Push diversity, inclusion, Alcorn State officials say
Published 12:07 pm Thursday, June 21, 2012
Vicksburg’s business community could take a page from the Alcorn State University playbook and find its bottom line improving, members of the Vicksburg-Warren County Chamber of Commerce were told at their monthly luncheon Wednesday.
“Diversity is not just people being different from each other, but about being part of a larger family together,” said Dr. Derek Greenfield, director of diversity and equity engagement at ASU.
ASU made history in May when its president, Dr. M. Christopher Brown, hired the first white head football coach in the history of not just the school but the entire Southwestern Athletic Conference.
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The nation’s first state-supported black college, founded in 1871, ASU has sought a more diverse student body for a number of years and recently graduated a class which was 14 percent white, Hispanic, Asian and other groups.
Greenfield and his ASU colleague, Dr. Ruth Nichols, spoke to about 65 chamber members at the city auditorium, saying what makes good sense educationally also makes good sense economically.
“It’s not just about political correctness, but correctness,” said Greenfield.
The Lorman school, which has satellite campuses in Vicksburg and Natchez, is the only historically black college and university to exceed the enrollment mandates of the Ayers decision, a Supreme Court ruling related to the racial composition of Mississippi colleges and universities in a case originally filed against the state in 1975.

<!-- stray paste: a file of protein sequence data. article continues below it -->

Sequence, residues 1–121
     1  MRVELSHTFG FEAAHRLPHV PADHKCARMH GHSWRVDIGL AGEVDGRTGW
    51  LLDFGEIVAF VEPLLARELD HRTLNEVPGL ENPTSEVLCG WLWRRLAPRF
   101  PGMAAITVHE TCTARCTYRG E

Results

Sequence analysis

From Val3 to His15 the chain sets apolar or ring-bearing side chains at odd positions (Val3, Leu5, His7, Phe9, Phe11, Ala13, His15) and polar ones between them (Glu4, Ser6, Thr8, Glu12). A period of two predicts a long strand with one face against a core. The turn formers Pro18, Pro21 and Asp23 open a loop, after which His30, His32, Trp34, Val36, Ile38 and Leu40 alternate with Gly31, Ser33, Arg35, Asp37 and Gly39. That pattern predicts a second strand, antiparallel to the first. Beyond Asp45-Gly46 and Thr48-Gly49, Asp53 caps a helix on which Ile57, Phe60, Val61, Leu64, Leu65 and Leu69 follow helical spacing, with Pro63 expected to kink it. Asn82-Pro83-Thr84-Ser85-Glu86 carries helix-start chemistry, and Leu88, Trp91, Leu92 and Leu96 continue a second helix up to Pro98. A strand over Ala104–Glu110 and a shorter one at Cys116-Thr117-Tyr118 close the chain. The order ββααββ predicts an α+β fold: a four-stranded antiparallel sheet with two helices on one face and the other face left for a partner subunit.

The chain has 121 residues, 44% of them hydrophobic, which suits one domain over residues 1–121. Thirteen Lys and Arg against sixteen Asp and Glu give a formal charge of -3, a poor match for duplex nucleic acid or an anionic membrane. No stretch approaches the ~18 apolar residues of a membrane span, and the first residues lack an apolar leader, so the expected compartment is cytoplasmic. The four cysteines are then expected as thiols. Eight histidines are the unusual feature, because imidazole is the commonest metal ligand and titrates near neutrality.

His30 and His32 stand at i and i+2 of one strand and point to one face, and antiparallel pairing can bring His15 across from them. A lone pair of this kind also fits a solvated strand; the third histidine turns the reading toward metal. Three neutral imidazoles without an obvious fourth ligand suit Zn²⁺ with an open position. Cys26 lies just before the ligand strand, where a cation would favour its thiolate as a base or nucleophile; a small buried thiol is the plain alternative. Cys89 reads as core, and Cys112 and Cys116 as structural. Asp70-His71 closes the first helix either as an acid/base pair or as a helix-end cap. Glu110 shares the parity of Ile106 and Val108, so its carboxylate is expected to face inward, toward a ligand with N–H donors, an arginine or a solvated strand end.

Ayers calls for HCBU’s to enroll at least 10 percent non-black students, said Greenfield.
Diversity and inclusion are not just “good morally,” but increase employee productivity, loyalty, creativity and innovation, he said.
“They maximize potential,” he said. “They’re good for business.”
Using examples like a school desk built for right-handed students and finding macaroni and cheese at the Thanksgiving dinner spread, Greenfield pointed out that cultural differences are a matter of perspective.
“We need to have a different viewpoint about the things we take for granted,” he said.
Members also were told the Chamber’s hospitality committee is organizing a “fam tour” of Vicksburg, to which 100 meeting planners across the state have been invited.
Convention center executive director Troy Thorn announced the event is set for Sept. 15 to familiarize meeting planners with the city’s convention facilities, hotels, restaurants and attractions.
“We hope to see a significant increase in convention business to our community and solidify our role as a regional hub for meetings, conventions and tourism,” he said.